He also suggested to commit the lock file with the package (which I don't do either) but he also suggested to do this in the CI pipeline:

  • test the package with the deps as in the lockfile
  • downgrade direct deps to the lowest version allowed by .json file and test against that
  • upgrade the direct deps to the highest version allowed by .json file and test against that as well

Here I can see the benefit of the lockfile, albeit I haven't started doing it yet

 

I think package-lock.json for security purpose.
When a user hit npm install package-lock.json created commit the package-lock.json changes to version control. They must be insecure network.

Once the package-lock.json generated from true (secure) network and your other machine network might under attack and hacker might change npm registry DNS/Route/IP in that case npm will check the integrity with npm install.

 

I am not using lock file on modules, I am now facing a hard issue accross many projects. Terser is breaking on production build of my documentation, having lock file accross the chain of dependencies would have prevented that.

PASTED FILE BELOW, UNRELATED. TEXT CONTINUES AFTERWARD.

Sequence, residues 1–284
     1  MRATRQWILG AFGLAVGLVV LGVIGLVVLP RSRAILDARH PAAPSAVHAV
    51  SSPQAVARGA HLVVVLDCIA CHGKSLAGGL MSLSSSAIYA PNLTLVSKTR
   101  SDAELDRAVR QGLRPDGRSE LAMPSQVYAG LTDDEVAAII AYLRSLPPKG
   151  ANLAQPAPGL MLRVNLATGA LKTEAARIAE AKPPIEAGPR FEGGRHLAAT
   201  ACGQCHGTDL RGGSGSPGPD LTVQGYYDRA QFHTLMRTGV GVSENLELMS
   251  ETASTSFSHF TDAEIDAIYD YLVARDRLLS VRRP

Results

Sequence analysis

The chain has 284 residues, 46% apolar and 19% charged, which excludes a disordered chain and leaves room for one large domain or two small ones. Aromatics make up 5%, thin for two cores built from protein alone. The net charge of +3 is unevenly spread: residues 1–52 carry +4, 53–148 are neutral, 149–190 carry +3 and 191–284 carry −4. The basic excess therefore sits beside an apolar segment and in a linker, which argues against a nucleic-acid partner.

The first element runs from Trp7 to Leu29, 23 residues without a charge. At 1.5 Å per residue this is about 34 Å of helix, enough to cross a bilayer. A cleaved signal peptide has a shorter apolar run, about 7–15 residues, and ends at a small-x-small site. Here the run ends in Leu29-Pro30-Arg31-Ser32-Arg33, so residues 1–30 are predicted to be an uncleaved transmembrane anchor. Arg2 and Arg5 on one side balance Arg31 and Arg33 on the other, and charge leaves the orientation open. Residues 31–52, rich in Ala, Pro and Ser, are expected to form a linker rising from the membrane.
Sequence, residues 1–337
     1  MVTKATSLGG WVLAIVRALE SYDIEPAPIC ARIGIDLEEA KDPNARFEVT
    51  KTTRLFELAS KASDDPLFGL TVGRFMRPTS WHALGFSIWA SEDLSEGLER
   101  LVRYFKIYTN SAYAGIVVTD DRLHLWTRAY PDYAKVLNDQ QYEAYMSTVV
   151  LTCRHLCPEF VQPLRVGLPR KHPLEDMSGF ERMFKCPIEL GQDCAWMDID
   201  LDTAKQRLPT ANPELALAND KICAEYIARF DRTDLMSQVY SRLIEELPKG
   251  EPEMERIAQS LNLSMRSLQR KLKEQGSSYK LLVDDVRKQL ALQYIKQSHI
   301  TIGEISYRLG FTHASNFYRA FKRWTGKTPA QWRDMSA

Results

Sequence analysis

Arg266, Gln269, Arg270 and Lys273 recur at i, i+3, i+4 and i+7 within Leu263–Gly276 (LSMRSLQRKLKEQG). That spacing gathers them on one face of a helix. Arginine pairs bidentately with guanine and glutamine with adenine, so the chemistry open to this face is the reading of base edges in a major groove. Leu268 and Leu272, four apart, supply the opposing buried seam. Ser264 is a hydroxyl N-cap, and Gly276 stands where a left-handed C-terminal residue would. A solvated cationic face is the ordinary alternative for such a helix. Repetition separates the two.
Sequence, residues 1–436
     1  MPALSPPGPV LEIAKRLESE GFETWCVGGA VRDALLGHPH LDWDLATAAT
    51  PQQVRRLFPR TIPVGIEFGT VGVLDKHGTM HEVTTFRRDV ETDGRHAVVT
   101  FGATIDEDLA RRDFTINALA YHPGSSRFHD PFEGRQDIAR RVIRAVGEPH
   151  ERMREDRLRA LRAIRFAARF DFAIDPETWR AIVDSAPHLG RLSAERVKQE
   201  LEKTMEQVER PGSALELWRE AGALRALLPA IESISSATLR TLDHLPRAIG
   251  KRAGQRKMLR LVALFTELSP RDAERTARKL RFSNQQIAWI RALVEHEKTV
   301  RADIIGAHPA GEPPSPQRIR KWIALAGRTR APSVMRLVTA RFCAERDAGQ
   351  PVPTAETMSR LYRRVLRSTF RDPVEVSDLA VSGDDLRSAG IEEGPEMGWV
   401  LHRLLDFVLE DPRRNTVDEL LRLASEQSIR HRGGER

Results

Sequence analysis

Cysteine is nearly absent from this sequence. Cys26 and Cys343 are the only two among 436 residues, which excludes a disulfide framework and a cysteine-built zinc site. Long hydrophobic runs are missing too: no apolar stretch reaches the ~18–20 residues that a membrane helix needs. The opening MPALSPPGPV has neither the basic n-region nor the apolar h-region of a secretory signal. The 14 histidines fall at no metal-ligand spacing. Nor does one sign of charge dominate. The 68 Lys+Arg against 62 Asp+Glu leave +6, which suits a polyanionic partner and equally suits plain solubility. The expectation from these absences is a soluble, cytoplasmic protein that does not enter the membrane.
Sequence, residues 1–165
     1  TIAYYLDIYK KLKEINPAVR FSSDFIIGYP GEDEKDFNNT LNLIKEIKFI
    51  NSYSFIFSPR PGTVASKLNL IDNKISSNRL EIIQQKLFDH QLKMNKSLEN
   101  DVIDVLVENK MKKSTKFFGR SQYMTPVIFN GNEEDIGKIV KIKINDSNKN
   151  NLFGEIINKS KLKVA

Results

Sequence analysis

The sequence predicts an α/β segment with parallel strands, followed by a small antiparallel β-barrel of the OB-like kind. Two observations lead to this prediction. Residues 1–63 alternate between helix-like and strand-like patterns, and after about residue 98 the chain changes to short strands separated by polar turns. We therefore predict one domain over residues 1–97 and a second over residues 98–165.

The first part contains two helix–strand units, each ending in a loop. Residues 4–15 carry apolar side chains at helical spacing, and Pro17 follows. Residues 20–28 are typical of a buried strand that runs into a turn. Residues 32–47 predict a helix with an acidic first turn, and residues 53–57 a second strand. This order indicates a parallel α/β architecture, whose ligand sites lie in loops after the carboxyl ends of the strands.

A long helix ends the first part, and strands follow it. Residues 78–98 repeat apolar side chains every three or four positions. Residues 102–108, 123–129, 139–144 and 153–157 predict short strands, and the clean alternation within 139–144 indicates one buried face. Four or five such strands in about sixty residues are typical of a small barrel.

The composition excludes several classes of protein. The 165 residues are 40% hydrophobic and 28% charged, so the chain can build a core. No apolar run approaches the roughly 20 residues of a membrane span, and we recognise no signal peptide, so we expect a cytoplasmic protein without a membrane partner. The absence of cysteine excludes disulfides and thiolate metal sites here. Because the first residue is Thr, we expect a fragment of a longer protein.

Instead it's better to set npm with --save-exact (in .npmrc or on every install).

 

Because package-lock.json cannot be added to NPM registry

This is false.

 

The solution for the stated problem is not not using lock files. It should be choosing pinned dependencies vs ranges.

 

I did not understand how not commiting package-lock solves this issue? won't package.json will update sub-dependencies anyway?

 
 

"but it was archived without an action."- probably they just act like you, closing PRs without any notice 😅

 

I do provide explanation to every PR I close.

 

On the other hand, wouldn't you like to lock versions of devDependencies, leverage faster builds in ci, etc?